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April 3, 2014 / Leslie

Review – Audiobook: The Sixth Extinction by Elizabeth Kolbert

The Sixth Extinction by Elizabeth KolbertThe Sixth Extinction:
An Unnatural History
by Elizabeth Kolbert
Narrated by Anne Twomey

Genre: Science / Non-Fiction
Publisher: Simon & Schuster Audio
Publish Date: February 11, 2014
Format: Audio CD, 10 hours
Audio Listening Level: Easy – Intermediate
Rating: 5 of 5

From the Publisher:

From the author of Field Notes from a Catastrophe, a powerful and important work about the future of the world, blending intellectual and natural history and field reporting into a compelling account of the mass extinction unfolding before our eyes.

My Thoughts:

The mass extinction most of us are familiar with occurred about 65 million years ago and killed off the dinosaurs, but there were four previous mass extinctions in the history of the earth. Each of these appears to have been brought on by a natural event that caused a sudden change in climate. Species that could not quickly adapt to the new conditions died out.

A growing number of scientists now believe we are living in a new geological era, the Anthropocene, which began about 8,000 years ago with the development of farming. Only after our descendants look back in thousands of years’ time will they know for sure, but the evidence for a new era is mounting. Humans have been affecting the earth’s systems for centuries now and have caused irreversible change to the climate at a pace too fast for many species to adapt.

In this extensively researched book, Kolbert provides us with some history in the form of an overview of previous mass extinctions and the research of Darwin and Lyell, she closely examines a dozen recently extinct and endangered species, and details her travels across the globe to participate in field research with other scientists.

This is a fascinating, balanced account of the current threat to the diversity of life on our planet. The author does not dispute that temperatures on earth have fluctuated in the past, which they have, but explains how rapid change can bring on mass extinctions. The melting of the polar ice caps, destruction of the rain forests, thinning of the ozone layer, the introduction of invasive species to other continents, high levels of carbon dioxide, which may be at its highest level in 15 million years, are only a few contributors to a rapidly changing climate.

I was so engrossed in this book that I read it in only a few days. It is thought-provoking, at times scary and also sad for what we have lost and can still lose in our lifetime. Scientists predict that 30% – 50% of species could be gone from the planet by 2050, a stunning loss to diversity.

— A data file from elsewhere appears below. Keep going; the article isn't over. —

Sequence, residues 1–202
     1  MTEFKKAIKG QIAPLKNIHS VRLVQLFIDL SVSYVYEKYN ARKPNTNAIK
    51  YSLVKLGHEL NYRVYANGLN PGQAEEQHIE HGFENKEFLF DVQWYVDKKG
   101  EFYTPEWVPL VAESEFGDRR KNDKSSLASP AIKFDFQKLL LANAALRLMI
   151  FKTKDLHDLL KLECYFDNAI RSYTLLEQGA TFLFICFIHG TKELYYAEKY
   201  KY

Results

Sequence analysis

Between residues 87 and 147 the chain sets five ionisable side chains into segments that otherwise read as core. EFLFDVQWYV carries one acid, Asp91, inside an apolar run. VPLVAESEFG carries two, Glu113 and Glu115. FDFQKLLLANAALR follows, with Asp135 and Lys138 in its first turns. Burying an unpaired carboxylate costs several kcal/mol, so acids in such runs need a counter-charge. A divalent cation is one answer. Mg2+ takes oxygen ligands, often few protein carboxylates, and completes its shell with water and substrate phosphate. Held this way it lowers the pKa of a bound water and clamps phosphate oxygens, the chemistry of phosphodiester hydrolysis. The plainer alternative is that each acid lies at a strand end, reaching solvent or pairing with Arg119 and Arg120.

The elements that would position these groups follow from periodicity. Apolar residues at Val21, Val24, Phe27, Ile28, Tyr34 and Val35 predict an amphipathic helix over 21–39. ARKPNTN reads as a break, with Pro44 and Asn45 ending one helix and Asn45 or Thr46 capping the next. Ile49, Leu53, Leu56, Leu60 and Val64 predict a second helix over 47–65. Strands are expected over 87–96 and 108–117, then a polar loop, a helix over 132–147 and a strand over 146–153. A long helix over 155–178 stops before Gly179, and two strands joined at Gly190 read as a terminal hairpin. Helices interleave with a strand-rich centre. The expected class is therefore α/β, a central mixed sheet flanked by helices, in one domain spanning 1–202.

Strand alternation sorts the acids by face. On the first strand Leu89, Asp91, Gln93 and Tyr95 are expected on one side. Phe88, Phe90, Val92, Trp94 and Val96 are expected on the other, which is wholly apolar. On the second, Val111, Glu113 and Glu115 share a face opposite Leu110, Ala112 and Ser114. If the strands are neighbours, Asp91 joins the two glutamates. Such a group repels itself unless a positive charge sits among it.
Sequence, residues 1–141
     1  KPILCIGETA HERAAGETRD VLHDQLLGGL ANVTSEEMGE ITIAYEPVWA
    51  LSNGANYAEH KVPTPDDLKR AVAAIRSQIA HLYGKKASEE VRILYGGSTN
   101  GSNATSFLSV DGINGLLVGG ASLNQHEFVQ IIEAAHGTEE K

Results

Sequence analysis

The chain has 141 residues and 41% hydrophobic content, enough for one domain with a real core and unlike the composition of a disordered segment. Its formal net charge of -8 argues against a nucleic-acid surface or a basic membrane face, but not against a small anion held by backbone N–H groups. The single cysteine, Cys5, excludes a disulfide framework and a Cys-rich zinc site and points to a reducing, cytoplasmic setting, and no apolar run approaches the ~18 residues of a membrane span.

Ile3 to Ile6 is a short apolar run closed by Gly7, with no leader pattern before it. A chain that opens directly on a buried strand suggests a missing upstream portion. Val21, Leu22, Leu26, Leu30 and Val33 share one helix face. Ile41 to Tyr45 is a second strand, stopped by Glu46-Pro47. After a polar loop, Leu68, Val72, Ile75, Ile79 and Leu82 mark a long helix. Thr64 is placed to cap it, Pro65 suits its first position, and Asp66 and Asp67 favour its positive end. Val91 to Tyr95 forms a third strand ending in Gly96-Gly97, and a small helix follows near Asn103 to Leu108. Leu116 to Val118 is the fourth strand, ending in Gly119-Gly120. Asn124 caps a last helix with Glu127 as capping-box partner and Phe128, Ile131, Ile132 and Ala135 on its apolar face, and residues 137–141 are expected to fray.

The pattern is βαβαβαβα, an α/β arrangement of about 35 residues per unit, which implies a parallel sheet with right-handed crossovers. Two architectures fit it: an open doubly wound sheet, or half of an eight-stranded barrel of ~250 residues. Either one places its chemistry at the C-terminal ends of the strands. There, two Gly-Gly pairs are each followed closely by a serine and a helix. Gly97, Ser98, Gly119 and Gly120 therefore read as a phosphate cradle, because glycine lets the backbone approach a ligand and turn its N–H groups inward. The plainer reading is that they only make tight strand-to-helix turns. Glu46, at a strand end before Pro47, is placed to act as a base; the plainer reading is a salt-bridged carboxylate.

This is not a heavy science book. While there are a lot of scientific facts contained between the pages, it’s a very readable and relatable book. I consider myself a bit of a science geek and loved every minute of it, but at the same time I would also highly recommend it to anyone with even a passing interest in the subject. It is that good.

Audio Production:

The book was read by Anne Twomey whose voice was perfect for the narration. Her pacing was steady and deliberate and her soft, melodic tones made it easy for me to listen for hours at a time. For me this was an easy listen but I also have a copy of the book to refer to for passages I wanted to study in more detail.

Source: Review copy provided by Simon & Schuster.
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Leave a Comment
  1. Vicki / Apr 3 2014 1:18 pm

    I loved reading books like this in school and learning about our planet. Your review makes me want to pick up another one up.


  2. BermudaOnion / Apr 3 2014 1:40 pm

    I would drive everyone crazy if I read this book. It sounds fascinating!


  3. Sue / Apr 3 2014 5:37 pm

    I’ve heard others talk about how good this book was. Thanks for the informative review — I think I’ll definitely give this one a read.


  4. nrlymrtl / Apr 4 2014 8:24 am

    I’ve had my eye on this wondering if I should check it out. I know I have enjoyed reading about the past extinctions…..yet reading about the current one could be fascinating in a depressing sort of way.



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